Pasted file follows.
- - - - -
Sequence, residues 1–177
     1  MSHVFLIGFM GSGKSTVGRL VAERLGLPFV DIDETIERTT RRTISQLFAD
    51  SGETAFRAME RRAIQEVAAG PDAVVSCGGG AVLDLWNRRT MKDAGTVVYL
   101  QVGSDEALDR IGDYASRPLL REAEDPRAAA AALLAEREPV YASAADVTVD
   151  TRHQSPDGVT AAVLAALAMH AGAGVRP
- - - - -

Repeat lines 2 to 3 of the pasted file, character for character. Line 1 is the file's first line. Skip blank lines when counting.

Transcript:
     1  MSHVFLIGFM GSGKSTVGRL VAERLGLPFV DIDETIERTT RRTISQLFAD
    51  SGETAFRAME RRAIQEVAAG PDAVVSCGGG AVLDLWNRRT MKDAGTVVYL